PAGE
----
I know based on a report the game gave me at the very end, I only saw about half of what Telling Lies had to show me. I think I’m okay with that.
In the roughly four hours I was given to rummaging through hours of footage of the interwoven lives of its characters, I managed to find the one video I truly wanted to see just as I was about to run out of time. It was the one that answered the question that was on my mind the entire time I was searching through FaceTime and laptop camera videos: what happened?
Telling Lies gives you no exposition whatsoever as it sets you down in front of a computer filled with videos surrounding the life of a man named David, played by Upgrade star Logan Marshall-Green. These videos can be as mundane as him telling a story to his daughter to as intense as the ones that depict key moments in Telling Lies’ overarching story. All you have to do is search through them using words spoken in these conversations, with each video being one side of a two-sided exchange. At several points, I had to use the context clues of what one person was saying in order to search for and find the other side of a conversation.
You’re given no guidance on what’s important to see, what terms to search for, or even where this is all leading. Theoretically, you could stumble upon the final video in as early as your first search attempt then have to backtrack and see what all led to that point. I personally ended up following threads in one storyline just to overlap into another. But ultimately I had to stumble upon all of these to find the answers I was looking for in time.
Unlike its spiritual predecessor Her Story, there’s a sense of urgency in Telling Lies because there is an unspoken time limit. The clock in the corner of the screen is always there, and scenes outside of the computer happen periodically to remind you that time is actually passing by and the clock is ticking. In retrospect, that I found some of those closing beats when I did made my playthrough feel like it had an actual narrative thread the game wasn’t actively giving me, but one I projected onto it myself. As I was made to understand the passage of time was going on in-game, I knew I had to find the videos I was looking for before I was forced out, and thankfully Telling Lies had tools in place like fast-forwarding and rewinding through videos to mitigate the longer time sink scenes, even the ones that felt like filler or red herrings.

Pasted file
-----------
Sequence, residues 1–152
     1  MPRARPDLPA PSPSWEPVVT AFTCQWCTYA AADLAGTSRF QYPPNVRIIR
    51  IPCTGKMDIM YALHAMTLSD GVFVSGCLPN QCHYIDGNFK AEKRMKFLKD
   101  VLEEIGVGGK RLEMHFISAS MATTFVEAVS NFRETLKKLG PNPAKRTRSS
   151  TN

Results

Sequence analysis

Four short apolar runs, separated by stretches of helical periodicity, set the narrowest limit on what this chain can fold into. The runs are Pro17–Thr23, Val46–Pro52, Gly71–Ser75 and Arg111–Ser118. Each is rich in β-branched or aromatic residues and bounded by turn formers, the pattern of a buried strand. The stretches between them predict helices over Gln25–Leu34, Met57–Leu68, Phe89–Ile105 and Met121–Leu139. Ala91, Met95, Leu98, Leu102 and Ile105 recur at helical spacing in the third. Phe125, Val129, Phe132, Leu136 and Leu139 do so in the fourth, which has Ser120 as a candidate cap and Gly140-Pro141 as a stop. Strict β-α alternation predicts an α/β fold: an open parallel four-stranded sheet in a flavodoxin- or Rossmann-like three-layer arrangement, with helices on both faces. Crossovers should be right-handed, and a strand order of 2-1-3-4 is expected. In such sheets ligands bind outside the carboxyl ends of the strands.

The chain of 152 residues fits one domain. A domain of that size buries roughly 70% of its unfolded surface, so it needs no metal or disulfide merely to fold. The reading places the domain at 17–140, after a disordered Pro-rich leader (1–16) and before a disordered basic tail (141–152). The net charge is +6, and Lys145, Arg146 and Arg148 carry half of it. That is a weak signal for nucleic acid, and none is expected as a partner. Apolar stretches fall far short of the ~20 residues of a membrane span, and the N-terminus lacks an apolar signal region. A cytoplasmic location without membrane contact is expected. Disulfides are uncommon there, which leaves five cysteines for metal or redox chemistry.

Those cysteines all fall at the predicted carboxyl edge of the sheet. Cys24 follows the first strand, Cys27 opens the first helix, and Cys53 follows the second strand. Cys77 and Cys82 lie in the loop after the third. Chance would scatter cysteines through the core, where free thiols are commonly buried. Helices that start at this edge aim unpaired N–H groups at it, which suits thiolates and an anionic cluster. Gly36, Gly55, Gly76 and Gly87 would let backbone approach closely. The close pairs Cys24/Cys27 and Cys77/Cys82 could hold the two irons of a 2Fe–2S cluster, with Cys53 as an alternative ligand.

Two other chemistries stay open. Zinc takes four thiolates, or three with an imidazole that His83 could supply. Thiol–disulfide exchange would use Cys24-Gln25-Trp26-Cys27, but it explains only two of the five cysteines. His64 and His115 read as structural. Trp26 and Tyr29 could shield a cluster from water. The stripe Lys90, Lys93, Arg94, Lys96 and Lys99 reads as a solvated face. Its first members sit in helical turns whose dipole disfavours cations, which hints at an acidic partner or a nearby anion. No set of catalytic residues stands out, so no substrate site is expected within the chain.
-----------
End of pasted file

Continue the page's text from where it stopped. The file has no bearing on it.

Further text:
At the very least, those moments of filler were elevated by the excellent performances of each cast member. Each video is only one half of a conversation, but as I grew to know these characters in these brief glimpses into their lives and relationships, it became easy to fill in the blanks of each video and still receive the full effect twice over when I found the correspondence. Marshall-Green is a constant in almost every exchange, but actors like Love Simon’s Alexandra Shipp and Westworld’s Angela Sarafyan make the most of their vastly different roles as well.
The individual stories of Telling Lies go in so many different directions that each of these characters and threads feel like their own story, only connected by David who exists at the center. Some can be so compelling you might spend a majority of your time searching through those specific threads, but they all inform each other, and they all lead to the same end.
Writing a standard review for Telling Lies is tough because I want to be able to convey how I experienced the game while also acknowledging no one will ever experience it the same way. I want to tell you about specific moments that resonated with me, but I don’t want to inform anyone’s path through a game that, without my influence, only gives you the tools to forge your own. I want to talk about how the game made me feel, but doing so could impart an expectation the game never actively sets out to meet. Telling Lies isn’t really trying to make you feel a certain way, it merely presents a truth to you and it’s on you to decide what matters, what’s worth understanding, and how you’re going to get there.
I’ve only seen around half of the story Telling Lies has to tell, but I found the answers I was looking for. I think I’m good with letting the rest of those videos stay buried in a search engine.